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Cars Life

Why are car manufacturers starting to ignore safety?

I used to love the idea of one day owning a Tesla. But that’s changed. I’m looking at getting a VW Golf next year, but I may not be getting the new Mark 8 model.

Exactly why is due to both manufacturers (and they’re not alone) ignoring safety. Not just ignoring it but actively changing something about the car that was safe to now be otherwise.

What am I talking about? The dashboard. More specifically, removing physical buttons and switches and replacing them with a touch screen.

Why is this a problem?

Let’s say, right now you want to increase the temperature in the car, whilst you’re travelling. You know where the button is and which way to turn it – you can do that without looking. Indeed, in my car each positive click from the wheel to the right is an increase of 0.5℃. So I can change the temperature whilst keeping my eyes on the road.

Now, assume it’s done on a touch-screen. And, let’s be optimistic and assume it’s on the main screen. It will either be a slider that you drag or it will have up and down buttons. Either way, there will be no feedback and no real way of locating it without looking – you HAVE to take your eyes away from driving to use a touchscreen.

The Tesla Model 3 takes it to the most extreme with just a couple of programmable buttons on the wheel – everything else is located on the central screen.

To make things worse, Tesla allow streaming services, such as Netflix, to be used on this screen.

The Mark 8 Golf isn’t as bad as the Tesla, retaining some buttons and switches but, by their own admission, they’ve used the screen to cut down on the number.

Only time (or a test drive) will tell if they’ve done this practically or not.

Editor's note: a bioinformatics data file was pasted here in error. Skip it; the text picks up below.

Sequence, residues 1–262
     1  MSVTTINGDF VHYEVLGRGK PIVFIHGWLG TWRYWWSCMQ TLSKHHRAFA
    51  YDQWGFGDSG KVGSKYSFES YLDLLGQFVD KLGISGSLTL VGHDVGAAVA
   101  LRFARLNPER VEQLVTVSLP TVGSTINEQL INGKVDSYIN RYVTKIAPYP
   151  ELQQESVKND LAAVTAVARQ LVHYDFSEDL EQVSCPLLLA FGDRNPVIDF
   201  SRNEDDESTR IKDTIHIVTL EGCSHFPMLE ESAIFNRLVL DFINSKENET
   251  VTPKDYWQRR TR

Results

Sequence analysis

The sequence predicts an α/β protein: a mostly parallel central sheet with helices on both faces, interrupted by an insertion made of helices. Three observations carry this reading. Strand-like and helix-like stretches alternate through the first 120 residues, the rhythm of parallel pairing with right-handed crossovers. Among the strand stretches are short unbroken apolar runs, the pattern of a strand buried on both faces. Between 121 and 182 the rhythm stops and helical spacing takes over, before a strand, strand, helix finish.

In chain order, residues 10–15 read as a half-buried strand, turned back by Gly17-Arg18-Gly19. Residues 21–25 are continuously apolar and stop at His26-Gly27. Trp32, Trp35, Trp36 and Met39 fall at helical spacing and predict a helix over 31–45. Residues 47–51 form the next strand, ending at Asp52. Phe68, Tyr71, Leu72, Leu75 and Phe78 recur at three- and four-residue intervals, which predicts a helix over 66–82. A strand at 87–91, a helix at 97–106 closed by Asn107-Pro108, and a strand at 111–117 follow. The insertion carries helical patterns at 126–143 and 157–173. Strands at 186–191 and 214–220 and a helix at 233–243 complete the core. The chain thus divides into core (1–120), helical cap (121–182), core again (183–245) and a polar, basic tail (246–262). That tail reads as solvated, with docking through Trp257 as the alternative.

What I don’t understand is that for decades it’s the manufacturers that have been pushing the envelope on car safety – both for those in the car but also for pedestrians. But, here, it’s being ignored and taking your eyes off the road is a danger in both scenarios.

Tesla is probably the company that started it but more and more are following.

What’s the solution?

I own a 2017 model Mazda 3. It has a touch screen in the centre but all of the regularly used controls are still physical buttons and switches. All this does is run the SatNav, entertainment (although there’s a physical volume/mute button and controls on the steering wheel too) and allow you to change some settings about the car (the type you’re only going to do ad-hoc, if ever, and then not when you’re driving).

In fact, Mazda made it so that when the car is moving, the touch-screen turns off and you need to use a joystick in the centre console to operate it instead, recognising that use of a touch screen whilst driving was not a good idea. In fact they found even more issues with drivers using touch screens…

Doing our research, when a driver would reach towards a touchscreen interface in any vehicle, they would unintentionally apply torque to the steering wheel, and the vehicle would drift out of its lane position

The latest version of the Mazda 3 has even more of the dashboard electronic but the buttons have still not been reduced and, more importantly, they’ve ditched touch controls entirely now.

Screens in cars can be good but touch-screens are not.

We’re probably all aware of the Euro NCAP safety ratings for cars. They divide safety into 4 categories – for an adult occupant, a child occupant, for a pedestrian and for safety assistance (driving safety aids). This latter one is about automatic braking, etc.

None of these take into account driver distractions – which probably explains why the button-less Tesla Mark 3 gets a five star rating.

The solution here seems obvious and it’s to include such distractions – how easy is it to drive without takings your eyes off the road. If this drags down a score, we’ll see manufacturers taking action. And there’s a lot more that can be done other than just retaining physical switches.

For example, and any manufacturer can have this one for free, if the car has a CD player, disable the eject function if there is no passenger and the car is in motion – that prevents the driver from swapping CDs whilst on the move. Little things like this can be done and should be done but it needs positive action from somewhere like Euro NCAP for it to happen. Simply removing the ability of the driver to be distracted, whilst driving, would be a huge boon in safety.

Until then, I’m not going to buy any vehicle that I know will be unsafe in this way. I’m hoping that a test drive in the new Golf will put my mind at ease with regard to their changes – if not, I’ll stick to the previous model.

Talk to me!

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